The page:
Bongo is charged with corruption, and has appeared in court several times since his arrest in November 2019. After a court appearance earlier in August, the matter is due back in court on 27 November.
The charges date back to October 2017 when Bongo, then state security minister, is said to have attempted to bribe Parliament’s law adviser, Ntuthuzelo Vanara, to scupper the parliamentary Eskom State Capture inquiry.
In terms of Rule 36, a motion in the House to grant Bongo continued leave can be expected in early October – the National Assembly goes into a month’s recess on Friday – as the ANC MP is unlikely to return from his leave of absence before the court case in some 90 days.
If that does not happen, questions may well arise over the ANC parliamentary caucus’s commitment to institutional rules, established praxis and the ANC National Executive Committee (NEC) saying over the weekend it wanted “to draw a clear line in the sand between the organisation and those who steal from the people”, as the official statement put it.
“These are internal matters the organisation is processing. At the right time, caucus will communicate,” said ANC Chief Whip Pemmy Majodina’s spokesperson, Nomfanelo Kota, on Tuesday in response to a request for comment about Bongo and other ANC MPs who may be required to step aside.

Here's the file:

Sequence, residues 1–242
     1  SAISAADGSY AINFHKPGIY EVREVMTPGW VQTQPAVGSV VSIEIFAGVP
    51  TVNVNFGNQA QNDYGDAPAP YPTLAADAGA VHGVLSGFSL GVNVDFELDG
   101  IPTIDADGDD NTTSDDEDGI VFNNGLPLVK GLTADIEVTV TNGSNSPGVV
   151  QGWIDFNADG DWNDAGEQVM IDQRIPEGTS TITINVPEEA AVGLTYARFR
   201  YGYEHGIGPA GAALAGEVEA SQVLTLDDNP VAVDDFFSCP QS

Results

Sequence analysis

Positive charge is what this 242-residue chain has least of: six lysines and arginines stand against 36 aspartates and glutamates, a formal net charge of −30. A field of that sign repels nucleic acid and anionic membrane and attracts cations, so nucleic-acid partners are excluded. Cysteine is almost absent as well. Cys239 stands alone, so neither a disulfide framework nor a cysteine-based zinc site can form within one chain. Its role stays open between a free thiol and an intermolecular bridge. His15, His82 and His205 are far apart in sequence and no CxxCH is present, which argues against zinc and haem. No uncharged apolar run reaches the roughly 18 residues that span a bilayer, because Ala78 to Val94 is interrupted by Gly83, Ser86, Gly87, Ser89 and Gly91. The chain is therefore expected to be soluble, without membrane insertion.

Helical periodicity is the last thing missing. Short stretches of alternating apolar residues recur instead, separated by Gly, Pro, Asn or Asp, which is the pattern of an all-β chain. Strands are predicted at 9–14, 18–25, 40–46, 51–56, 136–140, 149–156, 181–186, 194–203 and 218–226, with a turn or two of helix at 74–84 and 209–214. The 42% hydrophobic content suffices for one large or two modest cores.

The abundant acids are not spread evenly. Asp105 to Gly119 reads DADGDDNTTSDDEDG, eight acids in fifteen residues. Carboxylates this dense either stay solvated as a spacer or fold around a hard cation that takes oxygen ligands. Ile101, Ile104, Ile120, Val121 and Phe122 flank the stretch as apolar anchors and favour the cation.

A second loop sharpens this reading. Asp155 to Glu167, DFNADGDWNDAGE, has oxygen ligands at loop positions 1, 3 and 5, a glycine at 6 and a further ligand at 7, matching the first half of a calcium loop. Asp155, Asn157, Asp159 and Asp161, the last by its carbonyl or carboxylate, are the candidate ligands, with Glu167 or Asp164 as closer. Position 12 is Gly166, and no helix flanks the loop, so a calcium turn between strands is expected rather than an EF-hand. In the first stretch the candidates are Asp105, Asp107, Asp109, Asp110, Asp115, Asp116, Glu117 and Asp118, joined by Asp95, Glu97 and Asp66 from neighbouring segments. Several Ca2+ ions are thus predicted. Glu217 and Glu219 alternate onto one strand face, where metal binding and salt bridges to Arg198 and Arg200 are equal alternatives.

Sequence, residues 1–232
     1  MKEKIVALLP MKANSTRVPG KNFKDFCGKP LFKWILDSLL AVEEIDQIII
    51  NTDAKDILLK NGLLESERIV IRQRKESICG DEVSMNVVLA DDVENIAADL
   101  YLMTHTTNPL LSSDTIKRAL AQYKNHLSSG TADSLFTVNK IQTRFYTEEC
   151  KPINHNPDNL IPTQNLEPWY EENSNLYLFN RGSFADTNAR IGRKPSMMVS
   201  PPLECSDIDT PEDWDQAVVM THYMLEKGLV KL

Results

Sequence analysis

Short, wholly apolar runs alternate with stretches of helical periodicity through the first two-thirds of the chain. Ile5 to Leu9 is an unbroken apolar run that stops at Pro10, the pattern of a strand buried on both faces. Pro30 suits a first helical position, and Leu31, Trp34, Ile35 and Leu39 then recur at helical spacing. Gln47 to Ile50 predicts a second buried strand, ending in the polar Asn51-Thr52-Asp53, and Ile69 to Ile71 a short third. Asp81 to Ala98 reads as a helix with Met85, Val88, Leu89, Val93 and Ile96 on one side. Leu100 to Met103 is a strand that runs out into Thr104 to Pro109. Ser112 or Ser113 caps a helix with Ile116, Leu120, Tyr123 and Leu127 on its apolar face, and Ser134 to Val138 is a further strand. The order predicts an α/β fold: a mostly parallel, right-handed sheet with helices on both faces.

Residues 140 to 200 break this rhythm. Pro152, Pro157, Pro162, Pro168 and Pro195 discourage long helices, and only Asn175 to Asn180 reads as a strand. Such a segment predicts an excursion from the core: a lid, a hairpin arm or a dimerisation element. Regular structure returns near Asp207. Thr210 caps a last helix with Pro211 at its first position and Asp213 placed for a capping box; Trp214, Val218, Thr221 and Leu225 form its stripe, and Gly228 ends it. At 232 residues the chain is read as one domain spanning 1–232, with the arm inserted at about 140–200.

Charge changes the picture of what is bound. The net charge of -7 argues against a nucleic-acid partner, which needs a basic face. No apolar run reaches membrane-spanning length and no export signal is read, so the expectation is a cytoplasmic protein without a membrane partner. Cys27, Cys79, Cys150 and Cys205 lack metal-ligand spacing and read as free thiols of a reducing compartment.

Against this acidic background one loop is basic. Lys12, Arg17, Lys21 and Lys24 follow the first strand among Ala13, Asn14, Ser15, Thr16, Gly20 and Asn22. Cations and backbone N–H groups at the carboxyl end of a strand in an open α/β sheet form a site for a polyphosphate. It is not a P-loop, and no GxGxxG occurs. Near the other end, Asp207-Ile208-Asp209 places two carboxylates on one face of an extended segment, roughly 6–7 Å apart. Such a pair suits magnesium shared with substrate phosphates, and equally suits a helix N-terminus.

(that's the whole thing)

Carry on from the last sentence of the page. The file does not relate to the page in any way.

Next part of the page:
The ANC NEC decision on what must happen to its members is carefully scripted – and it is qualified with the need for the top six officials to have to still “develop guidelines and procedures on implementation” without a concrete deadline to finalise that process.
It’s understood that not all provinces have actually established integrity commissions following the 2012 Mangaung national conference resolution. This may well be a point of discussion when the ANC officials meet the integrity commissioners.